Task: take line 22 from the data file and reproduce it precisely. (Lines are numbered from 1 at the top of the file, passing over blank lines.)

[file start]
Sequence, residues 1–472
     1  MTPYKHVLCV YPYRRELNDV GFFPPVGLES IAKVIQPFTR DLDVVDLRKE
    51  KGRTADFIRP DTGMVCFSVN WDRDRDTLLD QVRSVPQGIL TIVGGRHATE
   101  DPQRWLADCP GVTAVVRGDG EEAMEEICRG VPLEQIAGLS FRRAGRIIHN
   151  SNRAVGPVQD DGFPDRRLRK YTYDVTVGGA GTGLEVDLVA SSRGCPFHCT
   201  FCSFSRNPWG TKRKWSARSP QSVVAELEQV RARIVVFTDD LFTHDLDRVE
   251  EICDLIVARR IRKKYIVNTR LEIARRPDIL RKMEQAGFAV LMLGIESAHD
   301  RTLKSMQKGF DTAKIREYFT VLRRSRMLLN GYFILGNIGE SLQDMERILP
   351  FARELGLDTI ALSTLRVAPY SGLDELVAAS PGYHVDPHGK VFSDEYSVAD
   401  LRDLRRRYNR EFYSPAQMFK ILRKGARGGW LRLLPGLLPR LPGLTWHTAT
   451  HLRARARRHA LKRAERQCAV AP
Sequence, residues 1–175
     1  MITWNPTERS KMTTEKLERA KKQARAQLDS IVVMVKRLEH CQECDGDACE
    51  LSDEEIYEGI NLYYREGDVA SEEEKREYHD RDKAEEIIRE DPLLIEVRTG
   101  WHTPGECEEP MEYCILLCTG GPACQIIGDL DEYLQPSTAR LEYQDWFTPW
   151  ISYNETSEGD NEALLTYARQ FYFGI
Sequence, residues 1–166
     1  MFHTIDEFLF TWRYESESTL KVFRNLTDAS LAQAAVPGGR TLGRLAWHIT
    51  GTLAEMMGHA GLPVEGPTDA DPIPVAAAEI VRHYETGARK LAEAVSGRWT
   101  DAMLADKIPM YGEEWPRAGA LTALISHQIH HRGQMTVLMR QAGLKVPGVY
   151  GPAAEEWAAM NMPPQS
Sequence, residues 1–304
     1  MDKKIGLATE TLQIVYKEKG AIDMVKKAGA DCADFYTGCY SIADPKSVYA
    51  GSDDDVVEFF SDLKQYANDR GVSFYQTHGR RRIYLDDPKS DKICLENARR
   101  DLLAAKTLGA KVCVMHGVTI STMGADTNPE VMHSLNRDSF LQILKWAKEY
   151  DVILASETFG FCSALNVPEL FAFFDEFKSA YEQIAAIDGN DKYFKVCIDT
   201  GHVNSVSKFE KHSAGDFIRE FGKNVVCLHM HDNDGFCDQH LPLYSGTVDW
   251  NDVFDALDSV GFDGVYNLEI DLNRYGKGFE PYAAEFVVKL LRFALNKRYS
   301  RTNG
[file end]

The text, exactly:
Sequence, residues 1–304